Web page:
Phams early reader touches on herd-mentality and nonconformity in a make-believe prehistoric setting. A turtle snoozes in front of a rock etched with the words Dinosaurs Do Not Scratch. Huh. You learn something new every day, muses a passing bespectacled dinosaur kid. With instant, uncompromising absorption of that message, and further self-justification regarding the virtues of toughness, the dino begins spreading the word as gospel to all the other creatures. Not everyone is convinced, but theyre all impressed by their friends display of self-control. When the first dino dares the others to make me itchy, a riotous paneled sequence ensues in which classic itchy-making items (a wool sweater, dandelion fluff, sand, a cat) are lobbed at the increasingly uncomfortable creature. A twist ending clarifies (but only somewhat) the message on the rock, solving the problem at hand, but perhaps raising more questions than answers for both dinos and readers (I wonder why dinosaurs do not scratch alone?). Phams all-dialogue text and bubbly cartoonstyle illustrations have lots of kid appeal, and the implicit issues raised by the story--toughness, gender roles (pay attention to who is gender-identified and who isnt), individuality, questioning authority--are broached at a child-comprehending level. elissa Gershowitz (c) Copyright 2018. The Horn Book, Inc., a wholly owned subsidiary of Media Source, Inc. No redistribution permitted.


Kirkus Review

In the latest Elephant Piggie Like Reading! title, a troupe of dinosaurs confronts an existential quandary."Dinosaurs do not scratch" reads the legend on a rock behind a napping tortoise. A bespectacled dino in T-shirt and shorts muses, "You learn something new every day." It observes a triceratops about to scratch a scab and stops it: "Dinosaurs are TOUGH! We do not scratch!" It similarly corrects a pterodactyl with a bee sting, a sauropod with an itchy back, and a T. Rex with an irritating tag in the collar of its shirt. Demonstrating its toughness, it submits to various itch-producing indignities, including a wool sweater, "hair from my last haircut," and a cat, and despite obviously mounting distress does not scratch. At this point, the tortoise gets up and moves away, revealing a concluding "alone" etched in the rock. Naturally, all the discussion of itching and not scratching has caused everyone to feel "ITCHY!"; happily, these dinosaurs are not alone, so they indulge in a massive orgy of scratching, the relief it brings signaled with cool blues that replace the itchy reds that had predominated. The silly premise and equally silly treatment are carried out in the series' signature format, color-coded speech bubbles providing cues to both speakers and mood. The question of "why dinosaurs do not scratch alone" is never answered, but that's hardly the point.Guaranteed to get readers giggling (and scratching). (Early reader. 5-9) Copyright Kirkus Reviews, used with permission.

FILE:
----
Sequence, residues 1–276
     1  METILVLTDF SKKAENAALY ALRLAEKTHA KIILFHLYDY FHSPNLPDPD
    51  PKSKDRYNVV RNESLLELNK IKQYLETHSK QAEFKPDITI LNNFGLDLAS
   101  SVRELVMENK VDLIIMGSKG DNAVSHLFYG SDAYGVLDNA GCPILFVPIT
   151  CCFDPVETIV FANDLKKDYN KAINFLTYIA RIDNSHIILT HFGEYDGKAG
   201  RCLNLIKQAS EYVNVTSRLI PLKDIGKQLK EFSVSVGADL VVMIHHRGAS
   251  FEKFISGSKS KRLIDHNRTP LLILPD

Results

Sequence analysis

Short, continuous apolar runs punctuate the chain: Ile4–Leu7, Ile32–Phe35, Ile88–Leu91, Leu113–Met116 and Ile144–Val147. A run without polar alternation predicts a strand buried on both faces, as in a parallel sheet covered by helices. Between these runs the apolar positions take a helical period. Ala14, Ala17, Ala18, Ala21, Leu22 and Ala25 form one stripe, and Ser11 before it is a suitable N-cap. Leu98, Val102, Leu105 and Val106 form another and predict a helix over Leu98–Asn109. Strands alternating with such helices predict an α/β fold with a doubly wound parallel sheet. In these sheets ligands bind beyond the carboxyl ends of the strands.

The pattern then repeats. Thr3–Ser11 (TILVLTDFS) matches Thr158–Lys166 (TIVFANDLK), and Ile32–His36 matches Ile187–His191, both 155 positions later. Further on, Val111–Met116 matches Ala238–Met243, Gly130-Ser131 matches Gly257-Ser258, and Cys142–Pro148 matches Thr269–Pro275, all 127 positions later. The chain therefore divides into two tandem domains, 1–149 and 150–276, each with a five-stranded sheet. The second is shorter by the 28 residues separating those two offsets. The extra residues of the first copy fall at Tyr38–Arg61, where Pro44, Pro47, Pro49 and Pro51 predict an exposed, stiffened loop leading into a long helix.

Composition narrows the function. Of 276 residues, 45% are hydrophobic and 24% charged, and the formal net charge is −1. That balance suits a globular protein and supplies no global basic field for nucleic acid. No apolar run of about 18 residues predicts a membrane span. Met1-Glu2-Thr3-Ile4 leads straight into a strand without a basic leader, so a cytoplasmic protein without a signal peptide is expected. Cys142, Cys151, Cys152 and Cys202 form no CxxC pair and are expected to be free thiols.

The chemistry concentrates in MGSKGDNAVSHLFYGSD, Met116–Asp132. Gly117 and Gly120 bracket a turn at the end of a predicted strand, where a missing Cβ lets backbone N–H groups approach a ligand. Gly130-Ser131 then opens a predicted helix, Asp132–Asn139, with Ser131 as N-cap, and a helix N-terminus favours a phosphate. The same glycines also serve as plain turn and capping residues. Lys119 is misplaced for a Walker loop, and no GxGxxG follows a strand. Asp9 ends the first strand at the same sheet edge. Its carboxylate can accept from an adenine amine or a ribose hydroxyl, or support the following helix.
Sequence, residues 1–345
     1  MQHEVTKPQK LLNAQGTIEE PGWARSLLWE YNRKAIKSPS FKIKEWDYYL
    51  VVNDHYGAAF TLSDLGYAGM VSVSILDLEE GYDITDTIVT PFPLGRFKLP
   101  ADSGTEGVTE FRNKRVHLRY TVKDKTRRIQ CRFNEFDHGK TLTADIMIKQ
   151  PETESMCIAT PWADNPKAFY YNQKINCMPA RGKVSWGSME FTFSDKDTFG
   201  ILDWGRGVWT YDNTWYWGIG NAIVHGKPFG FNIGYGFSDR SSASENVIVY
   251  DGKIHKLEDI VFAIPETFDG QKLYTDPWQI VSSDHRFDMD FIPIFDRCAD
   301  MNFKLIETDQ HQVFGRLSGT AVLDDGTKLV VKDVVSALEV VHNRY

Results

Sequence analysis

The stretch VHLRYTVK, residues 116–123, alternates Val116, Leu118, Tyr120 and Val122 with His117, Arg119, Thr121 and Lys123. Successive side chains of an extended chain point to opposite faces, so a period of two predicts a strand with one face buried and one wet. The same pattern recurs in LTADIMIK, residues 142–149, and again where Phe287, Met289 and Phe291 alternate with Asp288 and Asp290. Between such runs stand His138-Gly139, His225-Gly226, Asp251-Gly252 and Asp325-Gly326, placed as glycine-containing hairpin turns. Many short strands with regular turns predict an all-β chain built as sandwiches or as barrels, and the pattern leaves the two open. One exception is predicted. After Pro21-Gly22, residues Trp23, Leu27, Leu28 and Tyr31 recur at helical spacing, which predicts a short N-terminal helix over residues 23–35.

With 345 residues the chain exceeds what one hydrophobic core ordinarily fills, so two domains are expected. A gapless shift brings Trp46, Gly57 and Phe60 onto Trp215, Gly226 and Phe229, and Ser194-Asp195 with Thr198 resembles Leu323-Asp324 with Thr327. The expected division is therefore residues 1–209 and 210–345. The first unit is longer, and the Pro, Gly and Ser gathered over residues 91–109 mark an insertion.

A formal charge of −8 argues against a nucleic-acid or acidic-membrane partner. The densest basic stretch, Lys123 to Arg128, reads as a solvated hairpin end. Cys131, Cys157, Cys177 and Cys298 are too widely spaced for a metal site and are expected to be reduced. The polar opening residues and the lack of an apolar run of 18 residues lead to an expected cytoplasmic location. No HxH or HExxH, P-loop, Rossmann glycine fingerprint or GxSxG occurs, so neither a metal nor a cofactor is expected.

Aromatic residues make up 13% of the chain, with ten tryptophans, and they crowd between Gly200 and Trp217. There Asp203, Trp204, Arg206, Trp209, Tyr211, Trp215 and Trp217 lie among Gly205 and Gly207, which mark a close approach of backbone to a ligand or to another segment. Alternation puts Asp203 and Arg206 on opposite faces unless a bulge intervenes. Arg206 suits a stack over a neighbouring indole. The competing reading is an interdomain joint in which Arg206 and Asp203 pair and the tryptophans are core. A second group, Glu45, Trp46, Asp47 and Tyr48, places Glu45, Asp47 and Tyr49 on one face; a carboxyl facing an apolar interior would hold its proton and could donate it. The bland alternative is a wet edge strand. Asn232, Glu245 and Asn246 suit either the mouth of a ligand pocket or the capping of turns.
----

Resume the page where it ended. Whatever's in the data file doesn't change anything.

Booklist Review

Though Pham conflates itch with tickle and even shooting pain in this tale of a young hadrosaur who sees a sign reading DINOSAURS DO NOT SCRATCH and goes to excruciating lengths to prove that they don't need to, it doesn't make the action any less comically frenetic. Having sternly forbidden other prehistoric passersby, even T. rex, from relieving minor scrapes, bee bites, or back itches, the officious dino backs up his assertion that dinosaurs are tough by refusing to scratch, despite being stroked by a feather, covered in prickly grass and then a wool sweater, or having an ant, a caterpillar, and even a cat chucked at him. Pham gives her dinos an anthropomorphic look, even dressing them in summer garb, and effectively cranks up the rising level of suspense with lightning bolts, bigger text, and increasingly frantic expressions so that fledgling readers themselves will be involuntarily shifting in discomfort. A good book scratches an itch, notes Mo Willems' Piggie, cleverly summing up this new offering from the aptly named Elephant & Piggie Like Reading! series.--Peters, John Copyright 2010 Booklist